England's poor performance at the 2010 World Cup has led to many in the country questioning his ability. But the statistics confirm that Capello's demanding approach to player discipline has reaped dividends in Italy and Spain where he has won a combined seven domestic league titles. His Milan side in the first half of the 1990s won four titles in five years and destroyed Johan Cruyff's Barcelona team in the 1994 Champions League final.

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Giovanni Trapattoni

Republic of Ireland coach Giovanni Trapattoni
Republic of Ireland coach Giovanni Trapattoni. Bryn Lennon / Getty Images

One of the most celebrated managers in Serie A history, Il Trap won six titles with Juventus and one with Inter Milan. He has also won the title in Germany, Portugal and Austria with Bayern Munich, Benfica and Red Bull Salzburg respectively. One of the more cautious tactical coaches, Trap has also won three UEFA Cups and one Cup Winners Cup.

Barcelona coach Pep Guardiola
Barcelona coach Pep Guardiola. David Ramos / Getty Images

By far the youngest coach on this list, but deserves to be recognized for the way he has implemented his ideals to devastating effect since taking over at Barcelona in 2008. The treble-winning 2008/09 season and the feat of winning six trophies in 2009 may never be equaled, and "Pep" deserves his place alongside the greats for this alone. He has ensured that the nucleus of his starting XI is Catalan, with many of his players having graduated from the club's famous La Masia academy. More »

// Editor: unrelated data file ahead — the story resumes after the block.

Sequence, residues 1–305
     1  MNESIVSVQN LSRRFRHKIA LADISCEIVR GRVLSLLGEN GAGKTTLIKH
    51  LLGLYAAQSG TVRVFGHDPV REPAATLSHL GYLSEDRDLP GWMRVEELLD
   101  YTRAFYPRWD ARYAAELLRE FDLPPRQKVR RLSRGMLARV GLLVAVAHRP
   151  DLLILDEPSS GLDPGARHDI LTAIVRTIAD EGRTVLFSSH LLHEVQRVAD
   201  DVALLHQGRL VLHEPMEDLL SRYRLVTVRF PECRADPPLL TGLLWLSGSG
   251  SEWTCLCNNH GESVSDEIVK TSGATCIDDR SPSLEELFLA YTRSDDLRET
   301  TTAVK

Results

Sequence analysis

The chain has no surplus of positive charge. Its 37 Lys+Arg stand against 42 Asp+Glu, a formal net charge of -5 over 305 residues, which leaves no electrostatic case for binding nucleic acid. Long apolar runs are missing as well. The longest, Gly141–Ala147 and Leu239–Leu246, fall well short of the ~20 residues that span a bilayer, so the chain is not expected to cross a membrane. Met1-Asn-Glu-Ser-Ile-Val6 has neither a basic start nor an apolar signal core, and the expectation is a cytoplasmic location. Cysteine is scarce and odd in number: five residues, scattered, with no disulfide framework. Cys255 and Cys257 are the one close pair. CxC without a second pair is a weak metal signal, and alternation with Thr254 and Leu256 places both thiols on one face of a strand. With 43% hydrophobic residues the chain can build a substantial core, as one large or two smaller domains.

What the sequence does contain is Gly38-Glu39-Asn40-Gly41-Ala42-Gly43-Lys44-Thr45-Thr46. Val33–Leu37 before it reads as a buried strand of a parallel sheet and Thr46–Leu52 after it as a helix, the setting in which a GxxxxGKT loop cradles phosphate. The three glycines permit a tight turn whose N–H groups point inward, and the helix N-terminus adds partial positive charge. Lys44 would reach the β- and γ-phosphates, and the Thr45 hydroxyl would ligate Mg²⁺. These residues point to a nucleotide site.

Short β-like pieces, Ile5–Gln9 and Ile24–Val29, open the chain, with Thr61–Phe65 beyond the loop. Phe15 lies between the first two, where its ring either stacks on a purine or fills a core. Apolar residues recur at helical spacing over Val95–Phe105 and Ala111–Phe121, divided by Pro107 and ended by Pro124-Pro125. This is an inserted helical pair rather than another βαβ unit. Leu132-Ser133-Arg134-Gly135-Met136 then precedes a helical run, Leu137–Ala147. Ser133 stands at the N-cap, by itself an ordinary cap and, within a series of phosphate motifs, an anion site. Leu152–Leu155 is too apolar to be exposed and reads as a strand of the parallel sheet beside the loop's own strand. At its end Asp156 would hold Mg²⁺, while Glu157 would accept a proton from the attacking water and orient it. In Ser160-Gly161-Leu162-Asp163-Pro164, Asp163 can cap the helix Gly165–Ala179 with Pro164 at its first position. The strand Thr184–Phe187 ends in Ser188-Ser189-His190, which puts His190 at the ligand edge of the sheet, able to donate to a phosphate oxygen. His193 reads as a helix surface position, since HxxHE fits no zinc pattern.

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Ottmar Hitzfeld

Switzerland coach Ottmar Hitzfeld
Switzerland coach Ottmar Hitzfeld. Christof Koepsel / Getty Images

'King Otto' Hitzfeld has won the Champions League twice and the German Bundesliga seven times, with Bayern Munich and Borussia Dortmund. He was also responsible for one of the biggest shocks at the 2010 World Cup when his Switzerland side defeated eventual winners Spain in the opening match.

Arsenal manager Arsene Wenger
Arsenal manager Arsene Wenger. Shaun Botterill / Getty Images

Like Ferguson at Manchester United, Wenger is involved in the decision making process at almost every level. He has won three Premier League titles since moving to Arsenal from Japan in 1996 and is world renowned for his unique ability to sign players at bargain prices, get the best out of them, and sell them on for inflated fees once they are past their best. Wenger is also one of the chief exponents of the beautiful game, his Arsenal side playing some of the most thrilling soccer on the planet. More »

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Louis van Gaal

Bayern Munich coach Louis van Gaal
Bayern Munich coach Louis van Gaal. Paolo Bruno / Getty Images

The Dutchman may have the capacity to start a fight in an empty house, but his positive tactics and commitment to bringing through youngsters makes him one of the best coaches in the game. He has won a combined seven titles, including one with little AZ Alkmaar in 2009. Not lacking in self belief, van Gaal can be a prickly character who will bend for no one. A 1995 Champions League winner with Ajax, Van Gaal is now with Bayern Munich and took his club to the final in the 2009-10 campaign.